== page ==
I remember reluctantly stepping out of faith into atheism feeling as if everything I cared about had been erased against my will. My community support structure was gone; my family now felt like strangers; and I had no direction in life or understanding of my place in the world. Who was I? Weren’t all atheists lone wolves without a pack? Was I going to be alone and floundering forever? I picture myself back then as a child standing alone in a dark, empty room with no Exit sign or clues about how to find my way back to safety. I felt lost in so many ways.
And yet I still knew I’d made the right decision following the truth where I saw it. So I lived in discomfort for a long time, and sought out all of you. Twitter, GG.com, and a local Meetup.com group pretty much saved my bacon. I searched for community anywhere I could find it outside of a ritual setting.
So thank you, friends. Thank you for reaching me and showing me I could still know friendship, connection, and common values even without a guide or set of rules. Thank you in those little ways you showed me I was okay in the closet and out of it. Thank you for showing examples of what it means to be confident and skeptical, kind and daring, driven and open to change. Because of the examples of others, I discovered I wasn’t alone in that dark room. I had people all around me. I just needed someone to turn on the light and show me what was available to me in this new life. Because of the examples of others, I now have a real community online and off, I am out of the closet everywhere in my life, and I’ve tried in my little ways to show others it’s okay. You’re not alone.
Thank you, Atheism, for:
Causing me to realize my ethics need to come from my own truth, and not from someone’s interpretation of a book or prophetic message.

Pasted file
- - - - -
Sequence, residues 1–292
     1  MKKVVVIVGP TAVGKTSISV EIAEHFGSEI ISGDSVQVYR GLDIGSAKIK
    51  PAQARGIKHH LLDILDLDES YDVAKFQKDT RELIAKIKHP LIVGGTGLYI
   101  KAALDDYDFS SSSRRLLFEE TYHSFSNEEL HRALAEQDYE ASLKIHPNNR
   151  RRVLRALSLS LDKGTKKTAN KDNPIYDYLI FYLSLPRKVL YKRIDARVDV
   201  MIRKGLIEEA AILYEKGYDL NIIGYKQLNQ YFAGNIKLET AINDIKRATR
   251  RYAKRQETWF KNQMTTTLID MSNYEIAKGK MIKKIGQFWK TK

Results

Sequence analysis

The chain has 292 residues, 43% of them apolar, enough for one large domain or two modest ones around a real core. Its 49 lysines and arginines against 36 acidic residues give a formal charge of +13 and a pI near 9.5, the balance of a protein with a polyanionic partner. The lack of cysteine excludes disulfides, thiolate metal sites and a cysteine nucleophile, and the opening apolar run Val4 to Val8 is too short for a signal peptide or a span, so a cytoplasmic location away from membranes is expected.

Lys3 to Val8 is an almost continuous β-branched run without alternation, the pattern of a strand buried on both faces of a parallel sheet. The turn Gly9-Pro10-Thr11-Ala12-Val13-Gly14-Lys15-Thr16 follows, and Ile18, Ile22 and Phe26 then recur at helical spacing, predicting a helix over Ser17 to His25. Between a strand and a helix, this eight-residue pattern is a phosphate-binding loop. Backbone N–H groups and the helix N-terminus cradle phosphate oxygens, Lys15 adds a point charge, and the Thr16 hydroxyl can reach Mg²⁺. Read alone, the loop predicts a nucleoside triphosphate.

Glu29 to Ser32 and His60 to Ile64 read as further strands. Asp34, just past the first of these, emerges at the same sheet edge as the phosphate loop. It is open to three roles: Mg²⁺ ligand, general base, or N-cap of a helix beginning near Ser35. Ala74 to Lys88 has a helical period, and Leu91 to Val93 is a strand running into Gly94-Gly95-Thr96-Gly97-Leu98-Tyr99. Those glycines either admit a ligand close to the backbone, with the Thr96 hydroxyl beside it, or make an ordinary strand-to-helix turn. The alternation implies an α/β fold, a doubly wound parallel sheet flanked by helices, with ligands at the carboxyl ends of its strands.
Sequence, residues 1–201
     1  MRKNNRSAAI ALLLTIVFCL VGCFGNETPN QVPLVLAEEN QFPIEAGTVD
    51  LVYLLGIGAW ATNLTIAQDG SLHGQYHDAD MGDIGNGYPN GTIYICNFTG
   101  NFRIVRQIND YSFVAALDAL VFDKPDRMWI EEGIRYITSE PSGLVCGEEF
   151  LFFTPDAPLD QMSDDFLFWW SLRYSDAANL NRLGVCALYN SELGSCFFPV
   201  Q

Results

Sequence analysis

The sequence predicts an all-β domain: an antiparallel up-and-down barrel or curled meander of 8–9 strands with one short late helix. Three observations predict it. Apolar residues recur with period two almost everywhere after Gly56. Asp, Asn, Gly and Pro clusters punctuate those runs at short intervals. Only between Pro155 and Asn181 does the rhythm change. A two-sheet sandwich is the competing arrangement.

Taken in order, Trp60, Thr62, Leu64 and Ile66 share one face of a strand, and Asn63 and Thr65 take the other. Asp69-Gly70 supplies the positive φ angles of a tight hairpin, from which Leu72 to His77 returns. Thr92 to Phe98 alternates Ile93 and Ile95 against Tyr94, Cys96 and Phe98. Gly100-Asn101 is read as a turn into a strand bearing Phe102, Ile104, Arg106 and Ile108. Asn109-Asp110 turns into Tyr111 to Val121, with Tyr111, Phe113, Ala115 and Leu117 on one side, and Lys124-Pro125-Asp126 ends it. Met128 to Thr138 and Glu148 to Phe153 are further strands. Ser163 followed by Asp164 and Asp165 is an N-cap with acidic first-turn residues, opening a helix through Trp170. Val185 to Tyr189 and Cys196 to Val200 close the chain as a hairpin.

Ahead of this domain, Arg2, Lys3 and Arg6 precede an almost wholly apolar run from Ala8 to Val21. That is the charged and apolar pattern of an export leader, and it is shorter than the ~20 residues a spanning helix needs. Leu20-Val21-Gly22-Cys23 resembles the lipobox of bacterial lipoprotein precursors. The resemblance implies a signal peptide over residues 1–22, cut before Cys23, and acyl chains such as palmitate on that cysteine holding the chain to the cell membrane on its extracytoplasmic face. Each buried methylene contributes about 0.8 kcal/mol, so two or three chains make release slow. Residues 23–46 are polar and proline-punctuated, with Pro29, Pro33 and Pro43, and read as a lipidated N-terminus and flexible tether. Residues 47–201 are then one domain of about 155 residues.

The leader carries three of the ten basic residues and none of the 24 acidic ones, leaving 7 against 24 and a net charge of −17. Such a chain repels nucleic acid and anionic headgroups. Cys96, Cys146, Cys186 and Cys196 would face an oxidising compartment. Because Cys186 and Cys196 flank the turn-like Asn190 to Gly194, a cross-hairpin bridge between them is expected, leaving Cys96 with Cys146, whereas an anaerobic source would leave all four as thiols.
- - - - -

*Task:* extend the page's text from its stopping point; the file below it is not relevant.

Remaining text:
Challenging me when I was comfortable and complacent in my thoughts and beliefs.
Propelling me into years of self-reflection and change. Nothing showed me I would be okay after asking myself the scary questions like my transition to atheism from faith.
Opening up an entirely new community of friends, online and off.
Giving me the space to make my own choices without worrying about being shunned from a rule-based community, eternal consequences, and punishment.
Showing me I can be bold about who I am in public because I’m just as “okay” and worthy of respect and understanding as anyone else.
Being another example of a label that can shelter bigoted, cruel, abusive, and closed-minded people behind an assumption of “rightness”. I realized that changing labels doesn’t free me from having to confront the same failings of humanity as are found within other social groups. This fact inspires me to focus more on the people and their actions more than the simplistic fact that they don’t believe in a deity.
Helping me find other issues I care about more than religion. As you know, reader, I don’t blog anymore. I don’t get very angry about religion anymore. I don’t consider myself an outlier in society.And there are other causes I care about more than arguing theology. I met social justice warriors I admire through the skeptic and atheist communities. I changed my tune on some social issues through the influence of these bold few who educate and call-out/call-in those who perpetuate socially destructive ideas and all those *isms I didn’t realize had to do with me after all.